... We have seen that an organized response is crucial to controlling and effectively responding to emergency incidents and saving lives. [10][11][12][13][14][15] The ICS is a fundamental component of the NIMS that serves as a management tool, implemented during disasters and emergency responses to organize and coordinate response efforts. 16 At FDA, NIMS implementation and training are led by the Office of Emergency Management (OEM), which helps ensure that the agency is incorporating NIMS into emergency response plans, procedures, and policies. ...
Article
The Food Safety Modernization Act mandates building a national Integrated Food Safety System, which represents a seamless partnership among federal, state, local, territorial, and tribal agencies. During multistate foodborne illness outbreak investigations, local and state partners, the Centers for Disease Control and Prevention, the United States Food and Drug Administration (FDA), or the United States Department of Agriculture Food Safety Inspection Service, depending on the regulated food product, become engaged and assist in coordinating the efforts between partners involved and determine the allocation of resources. The FDA Center for Food Safety and Applied Nutrition (CFSAN) Office of the Coordinated Outbreak Response and Evaluation (CORE) Network coordinates foodborne illness outbreak surveillance, response, and post-response activities related to incidents involving multiple illnesses linked to FDA-regulated human food, dietary supplements, and cosmetic products. FDA has implemented the National Incident Management System (NIMS) Incident Command System (ICS) principles across the agency to coordinate federal response efforts, and CORE has adapted NIMS ICS principles for the emergency management of multistate foodborne illness outbreaks. CORE's implementation of ICS principles has provided several benefits to the operational cycle of foodborne illness outbreak investigations, including establishing a consistent, standardized, and transparent step-by-step approach to outbreak investigations. ICS principles have been instrumental in the development of a national platform for rapid and systematic laboratory, traceback, and epidemiologic information sharing, data analysis, and decision-making. This allows for partners across jurisdictions to reach a consensus regarding outbreak goals and objectives, deploy resources, and take regulatory and public health actions.
... The Incident command system is a widely accepted system for operations during large disasters. During an acute renal failure outbreak in Panama, an ICS-like system provided an effective and efficient manner to organize and integrate personnel and resources from multiple countries into a common operational framework for control disease [19]. An effective and flexible system is crucial for an effective disaster response. ...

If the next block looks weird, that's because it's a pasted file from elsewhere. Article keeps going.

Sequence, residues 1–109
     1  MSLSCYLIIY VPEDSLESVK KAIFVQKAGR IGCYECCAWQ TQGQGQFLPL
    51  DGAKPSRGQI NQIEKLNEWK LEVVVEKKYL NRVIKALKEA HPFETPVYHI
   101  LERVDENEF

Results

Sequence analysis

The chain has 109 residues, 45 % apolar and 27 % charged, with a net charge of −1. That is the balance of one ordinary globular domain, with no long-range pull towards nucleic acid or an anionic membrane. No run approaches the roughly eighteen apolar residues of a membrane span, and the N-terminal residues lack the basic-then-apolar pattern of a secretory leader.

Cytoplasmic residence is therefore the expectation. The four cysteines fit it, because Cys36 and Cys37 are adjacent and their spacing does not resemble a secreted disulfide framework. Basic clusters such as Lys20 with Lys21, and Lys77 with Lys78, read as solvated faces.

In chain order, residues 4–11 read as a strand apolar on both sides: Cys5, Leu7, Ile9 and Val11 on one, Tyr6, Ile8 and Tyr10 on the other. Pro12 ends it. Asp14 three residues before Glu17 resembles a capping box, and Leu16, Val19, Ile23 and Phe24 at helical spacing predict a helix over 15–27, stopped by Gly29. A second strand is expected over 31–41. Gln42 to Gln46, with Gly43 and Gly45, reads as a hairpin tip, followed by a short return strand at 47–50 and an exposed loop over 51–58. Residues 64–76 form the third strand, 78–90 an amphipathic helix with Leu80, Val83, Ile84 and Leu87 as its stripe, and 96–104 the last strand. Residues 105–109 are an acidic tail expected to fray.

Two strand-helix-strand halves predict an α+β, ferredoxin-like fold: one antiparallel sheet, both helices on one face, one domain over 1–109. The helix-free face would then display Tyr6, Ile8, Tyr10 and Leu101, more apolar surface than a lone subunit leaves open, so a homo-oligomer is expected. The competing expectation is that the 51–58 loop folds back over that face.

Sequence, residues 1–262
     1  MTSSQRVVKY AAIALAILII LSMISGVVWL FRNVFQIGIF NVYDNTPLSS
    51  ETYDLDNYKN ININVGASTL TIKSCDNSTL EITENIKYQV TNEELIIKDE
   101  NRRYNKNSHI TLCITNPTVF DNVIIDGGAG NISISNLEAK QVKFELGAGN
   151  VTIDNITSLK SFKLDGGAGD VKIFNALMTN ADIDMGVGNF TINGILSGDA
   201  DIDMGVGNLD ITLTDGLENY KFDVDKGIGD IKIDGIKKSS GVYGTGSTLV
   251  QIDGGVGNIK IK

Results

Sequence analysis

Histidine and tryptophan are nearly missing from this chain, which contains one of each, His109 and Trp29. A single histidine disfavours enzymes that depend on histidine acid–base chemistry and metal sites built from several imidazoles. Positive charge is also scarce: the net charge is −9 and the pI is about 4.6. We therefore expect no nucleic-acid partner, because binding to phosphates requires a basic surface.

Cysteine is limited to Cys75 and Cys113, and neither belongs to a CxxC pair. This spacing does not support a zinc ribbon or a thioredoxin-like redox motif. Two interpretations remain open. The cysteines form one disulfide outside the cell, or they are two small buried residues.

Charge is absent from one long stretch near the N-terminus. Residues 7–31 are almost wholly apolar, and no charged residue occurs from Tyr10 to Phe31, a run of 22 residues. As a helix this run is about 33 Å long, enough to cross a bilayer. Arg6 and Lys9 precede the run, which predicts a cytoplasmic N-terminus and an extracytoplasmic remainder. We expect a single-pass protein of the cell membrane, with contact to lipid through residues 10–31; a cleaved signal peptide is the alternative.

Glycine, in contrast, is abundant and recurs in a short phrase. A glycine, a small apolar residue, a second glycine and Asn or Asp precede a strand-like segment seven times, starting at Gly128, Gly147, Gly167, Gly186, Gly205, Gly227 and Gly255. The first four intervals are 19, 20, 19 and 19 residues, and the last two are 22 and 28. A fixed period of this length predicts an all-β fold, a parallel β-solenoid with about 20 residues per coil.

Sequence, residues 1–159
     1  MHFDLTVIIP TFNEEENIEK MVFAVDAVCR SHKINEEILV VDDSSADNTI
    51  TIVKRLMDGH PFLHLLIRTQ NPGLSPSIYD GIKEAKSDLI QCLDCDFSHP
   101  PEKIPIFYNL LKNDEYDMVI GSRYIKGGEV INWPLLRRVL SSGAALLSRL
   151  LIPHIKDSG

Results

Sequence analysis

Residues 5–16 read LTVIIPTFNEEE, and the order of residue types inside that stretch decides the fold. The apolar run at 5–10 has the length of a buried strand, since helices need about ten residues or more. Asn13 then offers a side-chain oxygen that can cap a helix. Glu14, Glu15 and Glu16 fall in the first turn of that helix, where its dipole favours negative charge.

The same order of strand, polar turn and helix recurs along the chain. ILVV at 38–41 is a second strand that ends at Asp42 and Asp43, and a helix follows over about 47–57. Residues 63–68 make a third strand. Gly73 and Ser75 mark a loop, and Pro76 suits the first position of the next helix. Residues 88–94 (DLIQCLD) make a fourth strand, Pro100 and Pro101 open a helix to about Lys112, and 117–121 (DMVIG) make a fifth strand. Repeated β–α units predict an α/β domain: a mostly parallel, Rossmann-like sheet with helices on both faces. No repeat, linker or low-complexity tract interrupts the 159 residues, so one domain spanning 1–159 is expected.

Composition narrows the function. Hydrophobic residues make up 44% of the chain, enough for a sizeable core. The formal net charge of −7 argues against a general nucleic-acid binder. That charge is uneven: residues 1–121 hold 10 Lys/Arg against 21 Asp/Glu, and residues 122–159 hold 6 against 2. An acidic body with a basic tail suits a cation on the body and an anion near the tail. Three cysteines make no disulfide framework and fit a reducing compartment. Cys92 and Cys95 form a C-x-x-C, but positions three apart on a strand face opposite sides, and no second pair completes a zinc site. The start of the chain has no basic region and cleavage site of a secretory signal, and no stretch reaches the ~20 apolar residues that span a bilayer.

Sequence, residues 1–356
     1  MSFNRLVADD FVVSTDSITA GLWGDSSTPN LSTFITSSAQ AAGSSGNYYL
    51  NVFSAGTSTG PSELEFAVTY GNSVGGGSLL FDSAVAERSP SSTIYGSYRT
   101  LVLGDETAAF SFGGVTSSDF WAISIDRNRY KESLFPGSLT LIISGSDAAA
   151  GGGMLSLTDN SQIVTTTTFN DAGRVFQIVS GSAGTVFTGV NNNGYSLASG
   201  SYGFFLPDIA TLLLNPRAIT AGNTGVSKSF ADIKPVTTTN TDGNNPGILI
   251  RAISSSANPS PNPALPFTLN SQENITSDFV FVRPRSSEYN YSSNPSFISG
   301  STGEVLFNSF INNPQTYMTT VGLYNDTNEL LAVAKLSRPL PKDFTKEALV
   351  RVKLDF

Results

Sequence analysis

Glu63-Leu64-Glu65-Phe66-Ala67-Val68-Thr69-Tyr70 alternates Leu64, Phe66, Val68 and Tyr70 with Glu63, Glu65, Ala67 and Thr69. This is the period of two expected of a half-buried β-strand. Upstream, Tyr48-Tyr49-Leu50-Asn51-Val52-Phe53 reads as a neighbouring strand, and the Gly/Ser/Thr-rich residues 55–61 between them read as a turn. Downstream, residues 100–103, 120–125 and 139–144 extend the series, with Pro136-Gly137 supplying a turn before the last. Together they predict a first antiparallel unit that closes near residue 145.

Article
Full-text available
Background: In 2011, Thailand was affected by the one of the worst flood disasters in recent times. Hospitals in Thailand were faced with the challenge of managing the health impacts from this natural disaster. The purpose of this study was to assess flood disaster preparedness among hospitals in the central region of Thailand. Methods: A survey questionnaire was given to twenty-seven key people responsible for hospital disaster preparedness that experienced disruptions to health services (severely, moderately and slightly) during the flood disaster in 2011 in the central region of Thailand. Results: Of the twenty-four participating hospitals, not one had satisfied the standards in all the dimensions of flood disaster preparedness. All respondent hospitals were deficiently prepared with regard to surge capacity, the management of healthcare services and the management of the supporting systems. The availability of supplies and equipment were found to be in place but preparations were found to be inadequate in organizing staff at all participating hospitals. Trained staff members regarding disaster response were reported to be present in all respondent hospitals. Hospitals that experienced slightly disruptions to their health services did not elect to do any exercises to meet the set standards. None of the hospitals that experienced slightly disruptions to their health services performed any evaluation and improvement in terms of disaster preparedness. Conclusions: Many hospitals were not up to standard in terms of disaster preparedness. Hospitals should prioritize disaster preparedness to fulfill their responsibility during crisis situations and improve their flood disaster preparedness.